Heat and Groundwater Flow through Continental Flood Basalt Provinces: Insights Gained from Alternative Models of Permeability/Depth Relationships for the Columbia Plateau, USA

Wednesday, 17 December 2014
Erick R Burns1, Colin Francis Williams2, Steve Ingebritsen2, Clifford I Voss3, Frank Spane4 and Jake DeAngelo2, (1)USGS, Portland, OR, United States, (2)US Geological Survey, Geology, Minerals, Energy, and Geophysics, Menlo Park, CA, United States, (3)USGS California Water Science Center Menlo Park, Menlo Park, CA, United States, (4)Pacific Northwest National Laboratory, Richland, WA, United States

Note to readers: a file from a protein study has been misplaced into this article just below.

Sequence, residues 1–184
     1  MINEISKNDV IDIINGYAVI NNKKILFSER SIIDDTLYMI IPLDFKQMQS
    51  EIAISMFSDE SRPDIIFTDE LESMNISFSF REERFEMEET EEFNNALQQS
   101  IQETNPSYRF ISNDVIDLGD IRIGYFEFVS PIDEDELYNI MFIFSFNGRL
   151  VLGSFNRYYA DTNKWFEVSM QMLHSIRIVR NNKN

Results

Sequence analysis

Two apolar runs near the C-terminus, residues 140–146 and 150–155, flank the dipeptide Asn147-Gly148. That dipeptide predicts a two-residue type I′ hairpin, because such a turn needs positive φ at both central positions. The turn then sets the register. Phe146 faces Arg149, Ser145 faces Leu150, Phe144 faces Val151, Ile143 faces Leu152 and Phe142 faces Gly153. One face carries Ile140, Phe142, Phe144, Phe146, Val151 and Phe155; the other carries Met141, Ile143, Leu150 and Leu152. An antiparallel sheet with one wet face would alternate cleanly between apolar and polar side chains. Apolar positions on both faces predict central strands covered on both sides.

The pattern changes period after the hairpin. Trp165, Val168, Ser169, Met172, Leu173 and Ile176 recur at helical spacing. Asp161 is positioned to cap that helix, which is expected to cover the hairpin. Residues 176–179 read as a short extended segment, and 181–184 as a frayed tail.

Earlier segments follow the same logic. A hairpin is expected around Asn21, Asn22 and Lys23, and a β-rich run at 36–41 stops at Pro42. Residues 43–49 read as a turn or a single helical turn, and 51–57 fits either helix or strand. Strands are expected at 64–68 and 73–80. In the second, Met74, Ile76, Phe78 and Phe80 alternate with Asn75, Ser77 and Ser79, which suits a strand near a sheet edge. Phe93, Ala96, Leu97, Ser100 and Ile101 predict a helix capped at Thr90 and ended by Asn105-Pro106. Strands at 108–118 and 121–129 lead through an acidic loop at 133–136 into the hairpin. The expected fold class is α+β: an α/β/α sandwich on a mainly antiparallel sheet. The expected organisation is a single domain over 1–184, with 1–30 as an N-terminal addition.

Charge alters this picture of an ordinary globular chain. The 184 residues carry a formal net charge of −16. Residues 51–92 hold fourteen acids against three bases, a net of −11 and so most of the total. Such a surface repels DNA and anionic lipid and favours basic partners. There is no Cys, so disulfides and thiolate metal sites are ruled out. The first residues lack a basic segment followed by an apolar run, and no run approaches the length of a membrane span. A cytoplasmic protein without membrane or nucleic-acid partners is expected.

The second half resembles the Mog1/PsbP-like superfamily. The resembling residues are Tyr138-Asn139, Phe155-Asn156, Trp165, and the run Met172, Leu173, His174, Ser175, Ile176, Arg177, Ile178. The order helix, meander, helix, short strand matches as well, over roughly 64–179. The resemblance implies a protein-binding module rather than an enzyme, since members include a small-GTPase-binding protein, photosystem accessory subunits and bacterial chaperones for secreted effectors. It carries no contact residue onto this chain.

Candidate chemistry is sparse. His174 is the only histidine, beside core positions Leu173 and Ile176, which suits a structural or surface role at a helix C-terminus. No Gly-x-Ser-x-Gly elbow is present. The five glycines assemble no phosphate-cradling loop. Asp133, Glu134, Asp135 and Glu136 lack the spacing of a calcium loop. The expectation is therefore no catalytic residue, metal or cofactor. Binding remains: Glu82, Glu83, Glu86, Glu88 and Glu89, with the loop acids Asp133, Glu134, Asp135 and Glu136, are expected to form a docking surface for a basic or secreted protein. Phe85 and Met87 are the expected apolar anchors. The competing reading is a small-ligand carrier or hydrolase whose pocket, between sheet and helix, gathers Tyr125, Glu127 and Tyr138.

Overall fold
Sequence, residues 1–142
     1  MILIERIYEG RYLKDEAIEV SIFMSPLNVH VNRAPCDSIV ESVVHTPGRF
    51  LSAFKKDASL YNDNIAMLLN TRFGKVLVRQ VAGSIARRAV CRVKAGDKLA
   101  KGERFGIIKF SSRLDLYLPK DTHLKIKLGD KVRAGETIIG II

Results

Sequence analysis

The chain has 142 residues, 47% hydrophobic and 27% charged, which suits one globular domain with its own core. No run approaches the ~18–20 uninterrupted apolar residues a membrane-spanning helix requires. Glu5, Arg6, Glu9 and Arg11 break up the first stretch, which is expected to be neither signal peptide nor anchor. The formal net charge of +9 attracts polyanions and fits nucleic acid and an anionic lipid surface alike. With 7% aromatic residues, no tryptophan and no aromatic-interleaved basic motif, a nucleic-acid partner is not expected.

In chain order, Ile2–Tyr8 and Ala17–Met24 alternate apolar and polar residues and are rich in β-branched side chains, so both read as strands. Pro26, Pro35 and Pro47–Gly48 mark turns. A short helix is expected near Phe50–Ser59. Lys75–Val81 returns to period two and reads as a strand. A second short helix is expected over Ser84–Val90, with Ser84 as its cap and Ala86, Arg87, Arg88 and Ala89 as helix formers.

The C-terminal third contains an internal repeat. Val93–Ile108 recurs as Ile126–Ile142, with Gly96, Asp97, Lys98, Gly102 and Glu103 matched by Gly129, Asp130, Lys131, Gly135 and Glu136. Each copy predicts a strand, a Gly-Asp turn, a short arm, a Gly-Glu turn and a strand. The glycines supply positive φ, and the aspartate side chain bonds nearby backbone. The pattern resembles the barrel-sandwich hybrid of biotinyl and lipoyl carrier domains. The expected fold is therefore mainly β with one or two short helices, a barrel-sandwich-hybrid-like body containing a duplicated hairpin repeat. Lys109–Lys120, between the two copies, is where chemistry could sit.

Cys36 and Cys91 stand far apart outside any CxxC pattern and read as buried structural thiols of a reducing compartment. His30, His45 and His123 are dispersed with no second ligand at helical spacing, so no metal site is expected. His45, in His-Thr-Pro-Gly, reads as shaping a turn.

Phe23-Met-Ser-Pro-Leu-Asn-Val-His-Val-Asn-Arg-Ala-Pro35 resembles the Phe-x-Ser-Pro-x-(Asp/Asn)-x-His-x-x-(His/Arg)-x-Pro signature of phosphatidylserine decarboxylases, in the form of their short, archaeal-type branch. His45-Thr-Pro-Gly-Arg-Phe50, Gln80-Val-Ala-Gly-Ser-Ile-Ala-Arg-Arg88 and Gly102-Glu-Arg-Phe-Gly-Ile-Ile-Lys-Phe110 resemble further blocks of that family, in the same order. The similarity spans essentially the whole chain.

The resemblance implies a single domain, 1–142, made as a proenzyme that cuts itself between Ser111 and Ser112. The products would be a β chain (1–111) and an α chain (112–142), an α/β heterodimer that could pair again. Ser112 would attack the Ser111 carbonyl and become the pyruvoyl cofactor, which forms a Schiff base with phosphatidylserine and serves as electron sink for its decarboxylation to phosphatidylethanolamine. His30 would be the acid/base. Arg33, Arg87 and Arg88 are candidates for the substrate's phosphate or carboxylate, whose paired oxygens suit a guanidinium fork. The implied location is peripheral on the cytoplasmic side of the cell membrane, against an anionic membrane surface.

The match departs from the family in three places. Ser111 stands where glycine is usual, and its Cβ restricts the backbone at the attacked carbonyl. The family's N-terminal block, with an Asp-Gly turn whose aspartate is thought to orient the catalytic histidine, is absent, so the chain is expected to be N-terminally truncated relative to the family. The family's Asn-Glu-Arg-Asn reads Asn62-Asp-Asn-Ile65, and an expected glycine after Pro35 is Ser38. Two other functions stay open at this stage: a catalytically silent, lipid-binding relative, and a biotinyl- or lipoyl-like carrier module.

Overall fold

Heat-flow mapping of the western USA has identified an apparent low-heat-flow anomaly coincident with the Columbia Plateau Regional Aquifer System, a thick sequence of basalt aquifers within the Columbia River Basalt Group (CRBG). A heat and mass transport model (SUTRA) was used to evaluate the potential impact of groundwater flow on heat flow along two different regional groundwater flow paths. Limited in situ permeability (k) data from the CRBG are compatible with a steep permeability decrease (~3.5 orders of magnitude) at 600-900 m depth and ~40oC. Numerical simulations incorporating this permeability decrease demonstrate that regional groundwater flow can explain lower-than-expected heat flow in these highly anisotropic (kx/kz ~104) continental flood basalts. Simulation results indicate that the abrupt reduction in permeability at ~600 m depth results in an equivalently abrupt transition from a shallow region where heat flow is affected by groundwater flow to a deeper region of conduction-dominated heat flow. Abrupt k decreases at similar temperatures have also been observed in the volcanic rocks of the adjacent Cascade Range volcanic arc and at Kilauea Volcano, Hawaii, where they result from low-temperature hydrothermal alteration. Because pore filling hydrothermal minerals are largely controlled by the major mineral assemblages of the volcanic rocks, other continental flood basalt provinces may also have large permeability changes at depths corresponding to ~40oC.